Press Release
May 5, 2006


Senate Minority Leader Aquilino Nene Q. Pimentel, Jr. (PDP-Laban) today called on the international community to take concerted, tougher steps to prevent global warming which has been destroying the environment at an alarming pace and making life in the planet earth more difficult.

Pimentel said the heavy flooding in Balkan countries last month, the abnormal rise in sea levels in various parts of the globe, the rapid melting of snow in Greenland and the Antarctic, and the killer floods and landslides in Southern Leyte last February could all be traced to global warming caused by the unabated deforestation and burning of fossil fuels that releases greenhouses gases into the global atmosphere.

Speaking at the conference on Climate Change and its Impact on Economic Development in Helsinki, Finland, Pimentel cited the graphic warning of Canadian Minister of Environment David Anderson that global warming poses more danger to the security of the world than terrorism.

Unless checked, global warming would bring greater havoc to mankind than terrorist acts. It would devastate the ecological balance of the world and potentially eliminate all life-forms as we know them, he said.

In the Middle East, Pimentel said the Kingdom of Saudi Arabia is now experiencing rainfall, which was considered strange by a Filipino worker who has worked there for the last 11 years.

He said a lady from Scotland told him some months ago that a ski resort in her hometown Aberdeen has now closed shop because there is not enough snow.

Pimentel said that during a visit to Tibet last month, a tourist guide told him that she found the climate in her city, Lhasa, a little warmer than was usual in the last several years.

In Sri Lanka, he said a Filipino woman told him that when she first arrived there five years ago, one half of the island-country had basically a wet season; the other half had a dry one. But now, she said the wet side experiences very little rain and the arid one gets unusually heavy rains.

In North Korea, Pimentel said Choe Thae Bok, chair of the Supreme Peoples Assembly told a group of Filipino legislators last week that some 25 centimeters of snow fell in early April in Kangmonsan something that had not happened before. Also sand storms, the first in 10 years or so, hit that province in the last couple of weeks.

The accounts of climatic changes in Saudi Arabia, Scotland, Sri Lanka, Tibet and North Korea may be anecdotal. The fact, however, is that simple scientific warnings about the dangers of global warming have been credibly aired in the Kyoto convention in 1997 and in Montreal in 2005 and in a number of other regional environmental conferences. And now the perils stare us in the face, the senator from Mindanao told the conference.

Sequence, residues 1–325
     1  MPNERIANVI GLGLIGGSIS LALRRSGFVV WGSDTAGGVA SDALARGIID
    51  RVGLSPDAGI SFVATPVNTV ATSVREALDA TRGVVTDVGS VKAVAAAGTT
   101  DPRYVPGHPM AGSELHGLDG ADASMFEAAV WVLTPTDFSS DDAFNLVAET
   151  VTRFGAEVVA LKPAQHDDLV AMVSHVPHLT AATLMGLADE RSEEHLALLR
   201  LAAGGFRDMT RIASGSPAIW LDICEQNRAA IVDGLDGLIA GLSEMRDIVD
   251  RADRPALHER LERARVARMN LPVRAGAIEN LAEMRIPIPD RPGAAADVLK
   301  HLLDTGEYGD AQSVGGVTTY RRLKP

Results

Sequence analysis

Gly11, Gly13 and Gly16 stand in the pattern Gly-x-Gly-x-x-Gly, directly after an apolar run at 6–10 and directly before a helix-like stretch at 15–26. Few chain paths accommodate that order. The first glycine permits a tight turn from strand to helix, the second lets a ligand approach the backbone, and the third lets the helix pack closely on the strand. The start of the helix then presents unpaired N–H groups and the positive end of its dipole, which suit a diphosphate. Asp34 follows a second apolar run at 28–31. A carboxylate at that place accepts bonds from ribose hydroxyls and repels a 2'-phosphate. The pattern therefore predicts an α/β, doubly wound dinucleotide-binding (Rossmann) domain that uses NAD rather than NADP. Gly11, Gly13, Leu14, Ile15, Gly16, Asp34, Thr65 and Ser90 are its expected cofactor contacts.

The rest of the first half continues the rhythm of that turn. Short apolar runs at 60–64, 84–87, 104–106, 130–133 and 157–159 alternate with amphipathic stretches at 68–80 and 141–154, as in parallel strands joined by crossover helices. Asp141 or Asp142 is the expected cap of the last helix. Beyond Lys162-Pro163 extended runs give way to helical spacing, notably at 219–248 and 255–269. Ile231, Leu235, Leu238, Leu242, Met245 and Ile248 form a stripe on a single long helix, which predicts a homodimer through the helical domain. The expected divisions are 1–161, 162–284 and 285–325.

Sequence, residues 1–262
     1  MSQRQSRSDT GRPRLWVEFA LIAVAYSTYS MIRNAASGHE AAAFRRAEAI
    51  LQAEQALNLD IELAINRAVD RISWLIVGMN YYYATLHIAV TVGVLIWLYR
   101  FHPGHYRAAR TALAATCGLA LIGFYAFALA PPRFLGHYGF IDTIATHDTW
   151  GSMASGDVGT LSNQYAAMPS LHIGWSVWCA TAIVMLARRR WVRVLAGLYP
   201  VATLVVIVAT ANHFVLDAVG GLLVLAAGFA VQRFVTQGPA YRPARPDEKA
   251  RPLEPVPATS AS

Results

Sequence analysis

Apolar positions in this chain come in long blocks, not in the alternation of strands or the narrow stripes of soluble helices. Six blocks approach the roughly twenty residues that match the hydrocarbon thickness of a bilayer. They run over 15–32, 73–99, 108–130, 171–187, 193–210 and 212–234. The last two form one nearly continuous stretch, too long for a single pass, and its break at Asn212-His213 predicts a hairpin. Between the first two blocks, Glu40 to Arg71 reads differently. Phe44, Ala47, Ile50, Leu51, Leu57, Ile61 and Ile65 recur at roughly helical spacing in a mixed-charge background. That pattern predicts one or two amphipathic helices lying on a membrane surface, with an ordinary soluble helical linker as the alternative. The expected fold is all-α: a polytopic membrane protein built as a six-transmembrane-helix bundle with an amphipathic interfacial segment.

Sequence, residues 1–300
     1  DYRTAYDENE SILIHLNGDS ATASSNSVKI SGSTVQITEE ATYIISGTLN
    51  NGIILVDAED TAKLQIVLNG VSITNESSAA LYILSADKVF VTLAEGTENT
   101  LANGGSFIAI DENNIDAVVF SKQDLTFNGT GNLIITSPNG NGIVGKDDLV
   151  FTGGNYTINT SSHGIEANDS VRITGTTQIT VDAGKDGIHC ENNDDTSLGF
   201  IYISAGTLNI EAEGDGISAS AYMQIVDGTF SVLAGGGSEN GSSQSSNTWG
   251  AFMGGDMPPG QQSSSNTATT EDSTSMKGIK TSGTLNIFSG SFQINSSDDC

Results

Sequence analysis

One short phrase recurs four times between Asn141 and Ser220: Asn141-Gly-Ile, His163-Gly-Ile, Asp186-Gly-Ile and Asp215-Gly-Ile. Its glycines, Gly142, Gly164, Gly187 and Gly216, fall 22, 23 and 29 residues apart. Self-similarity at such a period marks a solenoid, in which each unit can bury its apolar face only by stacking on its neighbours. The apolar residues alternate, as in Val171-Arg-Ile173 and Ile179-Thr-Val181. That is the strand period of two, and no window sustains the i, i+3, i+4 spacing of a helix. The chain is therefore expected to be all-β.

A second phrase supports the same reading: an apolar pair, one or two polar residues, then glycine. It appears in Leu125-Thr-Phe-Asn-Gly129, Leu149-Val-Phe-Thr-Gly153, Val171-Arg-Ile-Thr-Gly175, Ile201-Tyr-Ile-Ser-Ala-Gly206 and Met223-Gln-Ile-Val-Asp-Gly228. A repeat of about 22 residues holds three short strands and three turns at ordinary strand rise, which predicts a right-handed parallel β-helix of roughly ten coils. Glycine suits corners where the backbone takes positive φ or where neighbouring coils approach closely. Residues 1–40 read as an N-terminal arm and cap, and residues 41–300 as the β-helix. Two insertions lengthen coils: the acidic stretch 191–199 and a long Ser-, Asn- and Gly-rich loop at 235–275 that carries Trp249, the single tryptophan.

Pimentel also cited a report of Time Magazine (April 2, 2006) that global warming is annihilating wildlife even in the United States, Australia and other parts of the globe. He said it is devastating traditional farms and peoples homes and is poisoning water sources specially those near the seashores.

He said the 2,000 leading scientists who prepared the United Nations Intergovernmental Panel Report on Climate Change have also predicted that by 2100, Earths average temperature will climb between 1.5 and 6 degrees Celsius, rising twice as fast in the Arctic.

Satellites and tide gauges used by the scientists show that seas rose about eight inches over the last century and the pace has picked up markedly since the 1990s.

Pimentel said that Andres S. Revkin wrote in the New York Times of March 24, quoting recent findings of several teams of scientists, that by 2100 the oceans could rise 13 to 20 feet conditions last seen 129,000 years ago, between the last two ice ages.

Now, even as we are still 94 years away from the year 2100, scientists report that ice sheets and glaciers in Greenland add in the Antarctic are melting at a rate much faster than usual, he said.

As a result, the Czech Republic and Poland experienced flooding on April 1, 2006. Flood waters also inundated certain Balkan countries; Romania, Bulgaria and Serbia in mid-April. The case was the same rapidly meting snow.

Pimentel said that is probably why 0.05 percent of Uruguays land mass and 80 percent of Majuro Atolls (in the Marshall Islands) were swallowed up by the rising sea.

He said the scientists cited by Revkin have categorically concluded that: most of the warming observed over the last 50 years is attributable to human activities.

And they have identified the burning of fossil fuel as a major culprit in global warming that releases greenhouse gases with smog-causing pollutants into global atmosphere at a rate faster than the Earth can absorb, Pimentel said.

Happily, he said some 141 countries, including the Philippines, have already signed the Kyoto Protocol to reduce global greenhouse emissions.

Pimentel proposed the establishment of a network of parliamentarians and non-government organizations focused particularly on the issue of global warming.

If we get that network organized, then, we can bring the issue with more immediacy to the attention of our respective peoples and for effective action by our governments, he said.

Pimentel also suggested that members of the Asia-Europe Parliamentary Partnership (ASEP) should prod their governments to take the concerted step to curb carbon dioxide and other toxic emission in their respective countries since our lives and the lives of our children are at stake.

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